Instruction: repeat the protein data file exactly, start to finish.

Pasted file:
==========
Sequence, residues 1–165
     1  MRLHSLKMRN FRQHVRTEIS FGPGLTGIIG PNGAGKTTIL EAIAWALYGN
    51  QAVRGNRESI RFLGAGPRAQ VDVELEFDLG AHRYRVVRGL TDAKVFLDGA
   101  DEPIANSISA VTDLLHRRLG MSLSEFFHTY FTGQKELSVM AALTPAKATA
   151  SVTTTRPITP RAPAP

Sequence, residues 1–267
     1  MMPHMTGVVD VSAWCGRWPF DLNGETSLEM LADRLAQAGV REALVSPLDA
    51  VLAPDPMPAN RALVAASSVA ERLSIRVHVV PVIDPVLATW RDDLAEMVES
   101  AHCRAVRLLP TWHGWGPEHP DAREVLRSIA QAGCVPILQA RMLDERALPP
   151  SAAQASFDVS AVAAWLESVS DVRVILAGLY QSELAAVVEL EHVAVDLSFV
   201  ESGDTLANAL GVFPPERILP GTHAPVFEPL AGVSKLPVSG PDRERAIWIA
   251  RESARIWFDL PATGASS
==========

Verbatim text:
Sequence, residues 1–165
     1  MRLHSLKMRN FRQHVRTEIS FGPGLTGIIG PNGAGKTTIL EAIAWALYGN
    51  QAVRGNRESI RFLGAGPRAQ VDVELEFDLG AHRYRVVRGL TDAKVFLDGA
   101  DEPIANSISA VTDLLHRRLG MSLSEFFHTY FTGQKELSVM AALTPAKATA
   151  SVTTTRPITP RAPAP

Sequence, residues 1–267
     1  MMPHMTGVVD VSAWCGRWPF DLNGETSLEM LADRLAQAGV REALVSPLDA
    51  VLAPDPMPAN RALVAASSVA ERLSIRVHVV PVIDPVLATW RDDLAEMVES
   101  AHCRAVRLLP TWHGWGPEHP DAREVLRSIA QAGCVPILQA RMLDERALPP
   151  SAAQASFDVS AVAAWLESVS DVRVILAGLY QSELAAVVEL EHVAVDLSFV
   201  ESGDTLANAL GVFPPERILP GTHAPVFEPL AGVSKLPVSG PDRERAIWIA
   251  RESARIWFDL PATGASS